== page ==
The week has been busy and I have had a number of interactions with the United Kingdom’s national commemoration of the armistice at the end of the First World War on 11 November 1918.
When I was in Lincoln last weekend I saw rehearsals for a memorial ceremony while I visited the cathedral.
Then, at the football match I went to see in Lincoln, there was a pre-match rendition of The Last Post, a minute’s silence and a collection by, amongst others, a man dressed as a huge poppy. There was a similar pre-match marking of the armistice when I went to Oxford United’s stadium for another football game there. On both occasions, the bugle playing was eerie and moving as the notes swirled around the windy stadia.
During my visit to London last week to see a band with Middle Son (MS), I also fitted in a visit to the ‘Beyond the Deepening Shadow’ installation at the Tower of London. This consists of 10,000 hand-lit memorial flames and it was as impressive as the installation of bright red poppies spewing out of the Tower of London a few years ago. The flames are a remarkable and imaginative way of marking the end of the First World War and the sacrifice of so many soldiers during its execution.
The scale of that sacrifice became even starker to me as I visited another exhibition – ‘Shrouds of the Somme’ – at the Olympic Park to the east of London. In contrast with the Tower of London exhibition where the crowds were enormous and the queues were hours long, the Olympic Park exhibition was very accessible and there was more time to think about what I was seeing.
The main display here consisted of 72,396 shrouded figures – one for each of the British Commonwealth servicemen killed at the Somme whose bodies were not found – laid out in rows across a field. There was then a separate set of the same shrouded figures – one for each day of the First World War – labelled with the number of servicemen killed on each day. It was a very impactful exhibition.
The numbers of dead in the First World War are quite well known but still incomprehensible. The 72,396 are just the dead whose bodies were not recovered mainly because they were simply fragmented and lost in the mud. The 953,104 total dead represented at the Olympic Park are just those from the UK and the Commonwealth. The 9 million soldiers from all nations who died were far outnumbered by the more than 20 million wounded and beyond that there was mental scarring beyond understanding. It was a crazy, horrific war.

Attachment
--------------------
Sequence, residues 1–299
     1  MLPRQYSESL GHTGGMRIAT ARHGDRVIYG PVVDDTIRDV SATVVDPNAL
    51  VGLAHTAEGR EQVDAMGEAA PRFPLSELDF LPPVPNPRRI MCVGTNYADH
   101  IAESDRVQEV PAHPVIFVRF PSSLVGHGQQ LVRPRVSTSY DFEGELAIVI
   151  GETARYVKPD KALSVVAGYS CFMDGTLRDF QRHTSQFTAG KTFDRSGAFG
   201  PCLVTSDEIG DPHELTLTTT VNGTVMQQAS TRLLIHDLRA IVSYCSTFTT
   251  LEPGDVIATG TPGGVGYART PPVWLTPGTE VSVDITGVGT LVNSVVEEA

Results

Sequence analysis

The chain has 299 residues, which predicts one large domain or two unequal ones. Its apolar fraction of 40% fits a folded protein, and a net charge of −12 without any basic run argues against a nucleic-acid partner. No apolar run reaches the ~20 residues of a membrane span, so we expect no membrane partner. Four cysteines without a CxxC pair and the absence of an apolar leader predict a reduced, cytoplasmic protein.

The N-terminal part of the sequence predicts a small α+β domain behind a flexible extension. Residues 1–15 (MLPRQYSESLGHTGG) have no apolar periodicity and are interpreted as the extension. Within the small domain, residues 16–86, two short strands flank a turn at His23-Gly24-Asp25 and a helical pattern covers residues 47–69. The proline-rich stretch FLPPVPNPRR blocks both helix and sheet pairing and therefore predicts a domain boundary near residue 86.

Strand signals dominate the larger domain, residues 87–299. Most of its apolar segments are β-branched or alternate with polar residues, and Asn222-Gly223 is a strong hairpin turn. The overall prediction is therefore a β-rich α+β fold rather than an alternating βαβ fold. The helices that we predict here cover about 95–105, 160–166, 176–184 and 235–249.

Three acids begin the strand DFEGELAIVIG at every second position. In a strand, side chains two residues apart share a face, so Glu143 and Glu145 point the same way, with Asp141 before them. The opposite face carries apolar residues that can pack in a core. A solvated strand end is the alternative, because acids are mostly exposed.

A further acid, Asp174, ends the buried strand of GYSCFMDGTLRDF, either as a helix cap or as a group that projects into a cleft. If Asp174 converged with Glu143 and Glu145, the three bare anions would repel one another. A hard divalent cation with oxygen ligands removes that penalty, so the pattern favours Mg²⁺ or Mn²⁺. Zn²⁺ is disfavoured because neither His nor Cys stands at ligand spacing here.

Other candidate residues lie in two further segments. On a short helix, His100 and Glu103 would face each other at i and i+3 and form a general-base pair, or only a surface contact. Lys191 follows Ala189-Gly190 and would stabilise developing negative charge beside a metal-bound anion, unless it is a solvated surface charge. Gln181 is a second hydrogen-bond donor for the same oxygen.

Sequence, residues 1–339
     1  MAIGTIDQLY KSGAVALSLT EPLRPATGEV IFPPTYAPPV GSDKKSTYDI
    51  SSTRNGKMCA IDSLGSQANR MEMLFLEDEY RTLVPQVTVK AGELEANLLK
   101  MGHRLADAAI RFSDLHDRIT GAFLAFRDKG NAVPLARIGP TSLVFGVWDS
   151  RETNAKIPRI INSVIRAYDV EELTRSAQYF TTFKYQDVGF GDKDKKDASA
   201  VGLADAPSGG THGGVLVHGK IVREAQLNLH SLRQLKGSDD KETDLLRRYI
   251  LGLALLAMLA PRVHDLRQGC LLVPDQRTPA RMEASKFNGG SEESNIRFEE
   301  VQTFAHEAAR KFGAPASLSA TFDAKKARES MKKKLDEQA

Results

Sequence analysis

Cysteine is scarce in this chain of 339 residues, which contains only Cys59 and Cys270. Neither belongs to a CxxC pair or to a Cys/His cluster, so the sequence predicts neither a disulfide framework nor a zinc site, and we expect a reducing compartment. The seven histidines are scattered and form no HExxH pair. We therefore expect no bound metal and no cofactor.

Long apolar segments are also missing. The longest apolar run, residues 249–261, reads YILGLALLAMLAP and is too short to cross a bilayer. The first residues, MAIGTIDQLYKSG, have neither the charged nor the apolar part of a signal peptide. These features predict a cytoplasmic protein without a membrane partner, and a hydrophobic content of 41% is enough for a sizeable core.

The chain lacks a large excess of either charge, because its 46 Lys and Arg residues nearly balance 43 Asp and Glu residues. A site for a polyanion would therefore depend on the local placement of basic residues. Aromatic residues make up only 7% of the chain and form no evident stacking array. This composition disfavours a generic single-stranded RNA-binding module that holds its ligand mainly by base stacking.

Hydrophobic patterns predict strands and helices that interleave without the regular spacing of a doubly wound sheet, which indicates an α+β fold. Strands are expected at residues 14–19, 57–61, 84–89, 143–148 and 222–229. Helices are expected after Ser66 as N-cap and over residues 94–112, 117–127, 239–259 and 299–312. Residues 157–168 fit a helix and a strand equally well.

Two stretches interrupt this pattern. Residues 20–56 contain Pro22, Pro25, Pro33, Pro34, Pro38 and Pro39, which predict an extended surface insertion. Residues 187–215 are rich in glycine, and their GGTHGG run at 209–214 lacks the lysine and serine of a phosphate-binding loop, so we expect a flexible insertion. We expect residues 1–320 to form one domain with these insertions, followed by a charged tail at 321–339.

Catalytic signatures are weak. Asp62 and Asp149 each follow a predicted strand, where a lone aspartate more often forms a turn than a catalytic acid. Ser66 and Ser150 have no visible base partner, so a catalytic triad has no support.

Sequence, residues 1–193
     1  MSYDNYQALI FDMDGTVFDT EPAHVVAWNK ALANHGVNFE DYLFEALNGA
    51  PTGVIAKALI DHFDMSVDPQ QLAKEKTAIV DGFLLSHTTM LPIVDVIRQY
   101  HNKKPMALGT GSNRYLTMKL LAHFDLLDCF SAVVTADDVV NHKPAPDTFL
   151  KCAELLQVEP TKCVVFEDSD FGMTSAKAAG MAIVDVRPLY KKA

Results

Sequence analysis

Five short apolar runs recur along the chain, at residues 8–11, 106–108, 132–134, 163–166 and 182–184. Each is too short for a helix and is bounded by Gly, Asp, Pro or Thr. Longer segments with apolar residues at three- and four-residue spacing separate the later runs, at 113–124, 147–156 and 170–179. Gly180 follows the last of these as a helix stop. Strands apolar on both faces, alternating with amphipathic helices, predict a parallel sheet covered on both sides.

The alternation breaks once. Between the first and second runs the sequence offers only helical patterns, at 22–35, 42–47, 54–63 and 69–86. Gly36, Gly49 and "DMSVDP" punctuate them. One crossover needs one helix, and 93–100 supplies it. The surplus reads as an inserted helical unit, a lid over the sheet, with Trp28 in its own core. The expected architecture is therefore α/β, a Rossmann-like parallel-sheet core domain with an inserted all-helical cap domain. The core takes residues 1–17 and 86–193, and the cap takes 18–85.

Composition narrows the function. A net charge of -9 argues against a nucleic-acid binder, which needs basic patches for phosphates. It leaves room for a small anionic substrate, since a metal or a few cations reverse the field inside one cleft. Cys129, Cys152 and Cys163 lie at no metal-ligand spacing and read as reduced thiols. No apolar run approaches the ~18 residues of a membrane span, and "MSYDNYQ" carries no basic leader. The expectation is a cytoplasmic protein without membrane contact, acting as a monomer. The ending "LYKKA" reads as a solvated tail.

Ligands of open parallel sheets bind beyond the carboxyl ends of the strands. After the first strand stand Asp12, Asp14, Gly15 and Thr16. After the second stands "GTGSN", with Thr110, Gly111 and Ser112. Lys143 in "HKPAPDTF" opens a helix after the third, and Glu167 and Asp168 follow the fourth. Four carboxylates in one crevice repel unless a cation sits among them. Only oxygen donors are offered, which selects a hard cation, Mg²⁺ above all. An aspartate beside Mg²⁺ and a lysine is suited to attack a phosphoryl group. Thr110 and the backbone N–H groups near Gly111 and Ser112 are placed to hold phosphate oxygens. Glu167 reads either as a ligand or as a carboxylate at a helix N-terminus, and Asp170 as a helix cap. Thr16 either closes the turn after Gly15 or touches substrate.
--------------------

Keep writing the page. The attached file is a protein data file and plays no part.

The nationwide commemoration and remembrance of the First World War – the centrepiece exhibitions I saw in London, the faces of soldiers etched on beaches around the country I saw on the TV news, the processions and the local displays and events, including a poignant and unexpectedly long roll call of the war-dead in our own little village – has all been very impressive and moving. At the Olympic Park especially, I had time to reflect on the importance of remembering the disaster of past wars and avoiding a repeat. The current rise of nationalism on both sides of the Atlantic makes the lessons of the past especially timely. Unfortunately, it is one thing to remember the lessons and another to act on them.
On a jollier note, MS and I had a really good time watching Roosevelt, a German electro-pop artist. I can’t recall smiling so much during a musical performance. The music is straightforward and the next note always seems exactly as anticipated – does that make it predictable or just perfect? Either way, we both had great fun seeing Roosevelt again.
Co-incidentally, he is from Cologne where we are having a Christmassy city-break next month. However, we went to dinner last night with a couple who are fascinated by bio-dynamic agriculture, the annual equinox cycle and creativity tied into the seasons. As usual, the discussions were fascinating but they didn’t want to talk about Christmas or our Christmas market visit until next month. Instead they wanted to continue focus on the joys of autumn. They are right; the autumnal weather is still good and the colour on the trees and bushes remains marvellous. Autumn is still out there waiting to be enjoyed.
I make no excuse for including yet another set of pictures from my walk into town this morning. I am privileged to have the opportunity to enjoy these walks every day.